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Five Thoughts: Fulham 1-2 Manchester United

Written by Cameron Ramsey on 21st January 2021

© Dara Curran

Scott Parker faced an old adversary in Ole Gunnar Solskjær on Wednesday night and it was his men that broke the deadlock in the opening stages. Fulham, under Parker’s guidance, had never lost a game where they’d gone ahead but, similar to the 0-0 home record that stood for basically a decade, that accomplishment was washed away in the downpour.

I’m hearing echoes, boo-boys spouting ‘Parker out’ without reason and premise, so is the executioner’s block calling for Scotty’s neck? Like fuck it is. The positives eclipse the negatives, we could have entered our previous three outings in a state of peril and we would have faced humiliation, although with a refreshed outlook, and bollocks we should be proud of, our dignity is very much intact.

Manchester United, that’s just the warm up. Two Premier League away days await us in the mould of Brighton and Hove Albion and West Bromwich Albion, and it’s those two games where we’ll really see how far we’ve come. The stakes will be high, our season will be made or destroyed in 180 minutes, but before we dance with the devil, we’ve the small matter of the FA Cup to deal with and dispatching a fellow relegation applicant, Burnley, will stand us in immeasurable stead. The 2020/21 campaign starts now.

Identifying Mitro’s Lifeline

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Fulham’s makeshift attack comprises many contrasts. With 10 minutes or so to go, Aleksandar Mitrovic supplied the muscle up top, staving off United’s central pairing as he so regularly does to any opposing partnership. He appeared energised, dropping deep to retrieve possession and once the ball had been fed to the channels, the discarded Serb made a beeline for the penalty area. He wasn’t on long at all, although his uplifted attitude was pleasing to the senses and as he gradually works his way back into contention, his impact will become paramount again. Shoehorning Mitro into the starting XI has proven to be tricky, given we’re currently employing an offensive duo, but I can’t be the only maniacal whopper that actually feels a classic ‘little and large’ partnership could work a treat, or am I talking out of my arse, again? 

We’ve candidates, some more plausible that others, in Aboubakar Kamara, Bobby Decordova-Reid and Ivan Cavaliero, however there’s only one genuine contender, the ever-improving and consistently electrifying Ademola Lookman, that’s who. Ade’ rarely shies from the backbreaking graft that’s required to succeed at this level and within 5 minutes, he’d also enlightened us to his nerveless composure whilst homing in on the target. The winger isn’t masquerading as a goal-getting imposter, his early opener, from his carefully timed run to the point of execution, was ruthlessly calculated. Much like his goal at the King Power Stadium, Lookman flaunted an assurance in his ability, steering home as any aspiring would-be striker should, with vicious conviction. The 23-year-old provides a spark that trips us out of neutral, a unique aptitude only he can seemingly replicate because on the flip side, there’s Cav’.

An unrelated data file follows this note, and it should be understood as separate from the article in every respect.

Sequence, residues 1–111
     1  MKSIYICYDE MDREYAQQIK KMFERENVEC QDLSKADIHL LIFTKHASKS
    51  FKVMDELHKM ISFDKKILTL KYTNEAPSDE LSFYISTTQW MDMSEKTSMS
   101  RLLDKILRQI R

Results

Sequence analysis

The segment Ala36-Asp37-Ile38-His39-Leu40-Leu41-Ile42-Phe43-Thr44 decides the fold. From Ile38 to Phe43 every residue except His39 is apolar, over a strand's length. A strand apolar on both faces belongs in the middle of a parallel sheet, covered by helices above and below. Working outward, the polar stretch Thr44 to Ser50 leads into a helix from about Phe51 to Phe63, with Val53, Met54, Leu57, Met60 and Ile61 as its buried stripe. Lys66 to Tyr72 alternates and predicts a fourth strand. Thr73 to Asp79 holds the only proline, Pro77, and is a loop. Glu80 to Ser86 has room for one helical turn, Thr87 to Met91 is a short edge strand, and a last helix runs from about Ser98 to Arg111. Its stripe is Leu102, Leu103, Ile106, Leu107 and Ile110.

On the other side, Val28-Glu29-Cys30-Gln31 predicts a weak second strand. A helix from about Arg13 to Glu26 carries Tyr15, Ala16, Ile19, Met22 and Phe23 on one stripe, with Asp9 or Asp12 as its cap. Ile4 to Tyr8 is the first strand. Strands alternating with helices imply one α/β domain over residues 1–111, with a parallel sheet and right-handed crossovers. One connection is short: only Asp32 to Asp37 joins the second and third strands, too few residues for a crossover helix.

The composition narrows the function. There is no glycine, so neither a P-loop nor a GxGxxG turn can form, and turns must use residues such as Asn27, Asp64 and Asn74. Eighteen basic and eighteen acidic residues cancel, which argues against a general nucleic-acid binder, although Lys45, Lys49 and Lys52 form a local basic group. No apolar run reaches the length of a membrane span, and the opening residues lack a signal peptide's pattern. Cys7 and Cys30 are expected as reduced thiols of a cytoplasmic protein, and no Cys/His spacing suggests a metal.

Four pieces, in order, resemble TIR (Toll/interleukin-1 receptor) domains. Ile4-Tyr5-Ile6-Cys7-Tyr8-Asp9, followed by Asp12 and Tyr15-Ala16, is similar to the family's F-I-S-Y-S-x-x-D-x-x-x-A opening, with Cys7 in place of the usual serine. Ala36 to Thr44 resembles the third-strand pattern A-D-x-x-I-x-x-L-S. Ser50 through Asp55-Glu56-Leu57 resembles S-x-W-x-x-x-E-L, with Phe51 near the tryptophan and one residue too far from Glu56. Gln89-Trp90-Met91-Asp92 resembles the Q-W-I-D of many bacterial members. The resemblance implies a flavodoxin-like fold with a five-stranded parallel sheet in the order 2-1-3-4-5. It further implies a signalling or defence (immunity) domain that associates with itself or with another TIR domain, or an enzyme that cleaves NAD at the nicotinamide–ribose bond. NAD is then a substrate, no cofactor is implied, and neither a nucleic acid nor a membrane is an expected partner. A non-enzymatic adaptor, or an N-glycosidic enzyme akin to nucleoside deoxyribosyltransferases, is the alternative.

The former’s a gifted live wire, whereas the latter’s shamefully inept. If we aren’t to enter the transfer market, we cannot rely on the Portuguese Anthony Knockaert, with his tunnel-vision tendencies, and overawed frivolity in elementary scoring positions. One header will not gloss over his deficiencies, which are plentiful when he’s thrown into the mix as a secondary striker. For me, and many others, Cav’ has been an infuriating disappointment, an inconvenience with an inflated price tag that’s flagged under expectation. He is a slightly more defined AK47, but that’s at no detriment to Abou’s reputation, we already know he’s nothing more than a glorified Smeg fridge with aluminous boots. This is all fictitious, hypothetical nonsense but it is provocative. The notion of aerial and physical adeptness beside undetectable movement, all within a system that still accommodates a back three, wingbacks, and a dynamic central midfield ensemble. Call me crazy, but this juxtaposed collaboration could definitely be done and it should be tested from the off against Burnley, post haste. 

‘A’ Grade Defence

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Refusing to buckle and bulk on the fringe of our 18-yard box, our “triple A”, or as it was aptly known before Tosin Adarabioyo wanted to be called, well, Tosin, held a resistant, organised line and against an in-form squad headed by Edison Cavani and supplied by Bruno Fernandes, longstanding discipline was fundamental. Tosin intercepted timely, Joachim Andersen conducted authoritatively and Ola Aina aided our counter attacks, whilst biting back as part of the trio. There’s so much variation within our current back three, each individual quality compliments the next and that all important familiarity’s going from strength to strength. 

We’re a very long distance away from that flimsy, deductive Tim Ream/Micheal Hector coalition, that was often joined by a forgotten Denis Odoi. Before you start to reminisce of days gone by, do away with sentimentalism, it’s not healthy, whereas this newly acquired spine of ours certainly is. Nothing pleased me more than seeing United stray offside because our structure was straighter than the school swat’s tie. Not a hair was misplaced, and the goals we conceded can be forgiven, if you’re the merciful type, that is.

They may have scored twice, the first being a goalkeeping error from Alphonse Areola and the second being an adulterated thrust from Paul Pogba, but United couldn’t willingly dismantle our stringent shape at the back, and you have to take the opponent into consideration. In table-topping company, we held firm and we didn’t surrender, white flag waving isn’t a prospect anymore. Nomadic defensive dithering is an object of the past, and good riddance. Offensively, we’re struggling to make ends meet but in the department that really required patching, we’re excelling. Against Tottenham Hostpur, Chelsea and United, only 4 goals were shipped and that, all things examined, is a thoroughly welcome slippage to say the least.

Wingbacks Grab Attention